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Med Phys. 2015 Jul;42(7):3896-910. doi: 10.1118/1.4921618.

Computer-aided pulmonary image analysis in small animal models.

Author information

1
Center for Infectious Disease Imaging (CIDI), Radiology and Imaging Sciences, National Institutes of Health (NIH), Bethesda, Maryland 32892.
2
Center for Research in Computer Vision (CRCV), University of Central Florida (UCF), Orlando, Florida 32816.
3
The Institute of Cancer Research, London SW7 3RP, United Kingdom.
4
Microfluidic Laboratory Automation, University of California-Irvine, Irvine, California 92697-2715.
5
Department of Medicine, Imperial College London, London SW7 2AZ, United Kingdom.
6
Center for Tuberculosis Research, Johns Hopkins University School of Medicine, Baltimore, Maryland 21231.
7
Department of Biomedical Engineering, University of California-Davis, Davis, California 95817.
8
Radiology and Imaging Sciences, National Institutes of Health (NIH), Bethesda, Maryland 32892.
9
Department of Microbiology and Immunology, University of Louisville, Louisville, Kentucky 40202.
10
National Institute for Mathematical and Biological Synthesis, University of Tennessee, Knoxville, Tennessee 37996.
11
Howard Hughes Medical Institute, Chevy Chase, Maryland 20815 and Center for Tuberculosis Research, Johns Hopkins University School of Medicine, Baltimore, Maryland 21231.
12
Medical Image Processing Group, Department of Radiology, University of Pennsylvania, Philadelphia, Pennsylvania 19104.

Abstract

PURPOSE:

To develop an automated pulmonary image analysis framework for infectious lung diseases in small animal models.

METHODS:

The authors describe a novel pathological lung and airway segmentation method for small animals. The proposed framework includes identification of abnormal imaging patterns pertaining to infectious lung diseases. First, the authors' system estimates an expected lung volume by utilizing a regression function between total lung capacity and approximated rib cage volume. A significant difference between the expected lung volume and the initial lung segmentation indicates the presence of severe pathology, and invokes a machine learning based abnormal imaging pattern detection system next. The final stage of the proposed framework is the automatic extraction of airway tree for which new affinity relationships within the fuzzy connectedness image segmentation framework are proposed by combining Hessian and gray-scale morphological reconstruction filters.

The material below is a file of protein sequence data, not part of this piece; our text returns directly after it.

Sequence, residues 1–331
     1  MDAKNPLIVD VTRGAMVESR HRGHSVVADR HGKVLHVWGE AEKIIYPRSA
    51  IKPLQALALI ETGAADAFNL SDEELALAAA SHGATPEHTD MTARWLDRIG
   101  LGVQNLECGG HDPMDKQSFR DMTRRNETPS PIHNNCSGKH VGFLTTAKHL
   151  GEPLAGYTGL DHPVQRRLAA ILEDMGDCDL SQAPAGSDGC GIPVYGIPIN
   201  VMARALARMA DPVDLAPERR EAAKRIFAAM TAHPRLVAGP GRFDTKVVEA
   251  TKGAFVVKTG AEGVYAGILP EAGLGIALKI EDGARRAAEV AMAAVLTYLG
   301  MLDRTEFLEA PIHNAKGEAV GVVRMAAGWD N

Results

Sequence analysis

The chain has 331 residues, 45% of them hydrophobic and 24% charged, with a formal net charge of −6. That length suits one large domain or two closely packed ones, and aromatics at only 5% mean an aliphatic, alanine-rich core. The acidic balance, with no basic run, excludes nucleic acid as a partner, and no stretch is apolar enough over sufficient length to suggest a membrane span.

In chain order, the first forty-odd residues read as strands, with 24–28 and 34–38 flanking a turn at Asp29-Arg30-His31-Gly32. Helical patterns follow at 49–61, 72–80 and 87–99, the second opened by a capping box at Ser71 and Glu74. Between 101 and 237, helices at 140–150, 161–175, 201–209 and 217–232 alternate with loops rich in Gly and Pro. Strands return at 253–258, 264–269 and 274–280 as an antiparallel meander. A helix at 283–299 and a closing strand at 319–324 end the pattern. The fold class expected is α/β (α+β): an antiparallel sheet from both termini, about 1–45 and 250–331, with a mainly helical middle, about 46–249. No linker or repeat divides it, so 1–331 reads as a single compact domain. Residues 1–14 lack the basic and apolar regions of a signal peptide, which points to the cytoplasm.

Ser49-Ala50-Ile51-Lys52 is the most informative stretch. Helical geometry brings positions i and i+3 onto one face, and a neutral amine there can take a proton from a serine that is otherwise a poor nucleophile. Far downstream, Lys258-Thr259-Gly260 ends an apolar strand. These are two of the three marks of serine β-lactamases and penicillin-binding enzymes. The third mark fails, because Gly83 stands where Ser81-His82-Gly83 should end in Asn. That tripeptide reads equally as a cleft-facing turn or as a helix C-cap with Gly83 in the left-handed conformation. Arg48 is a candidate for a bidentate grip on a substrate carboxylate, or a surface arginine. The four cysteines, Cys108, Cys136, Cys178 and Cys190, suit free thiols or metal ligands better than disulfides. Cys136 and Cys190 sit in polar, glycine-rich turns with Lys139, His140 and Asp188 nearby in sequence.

RESULTS:

133 CT scans were collected from four different studies encompassing a wide spectrum of pulmonary abnormalities pertaining to two commonly used small animal models (ferret and rabbit). Sensitivity and specificity were greater than 90% for pathological lung segmentation (average dice similarity coefficient >‚ÄČ0.9). While qualitative visual assessments of airway tree extraction were performed by the participating expert radiologists, for quantitative evaluation the authors validated the proposed airway extraction method by using publicly available EXACT'09 data set.

CONCLUSIONS:

The authors developed a comprehensive computer-aided pulmonary image analysis framework for preclinical research applications. The proposed framework consists of automatic pathological lung segmentation and accurate airway tree extraction. The framework has high sensitivity and specificity; therefore, it can contribute advances in preclinical research in pulmonary diseases.

PMID:
26133591
PMCID:
PMC4464065
DOI:
10.1118/1.4921618
[Indexed for MEDLINE]
Free PMC Article

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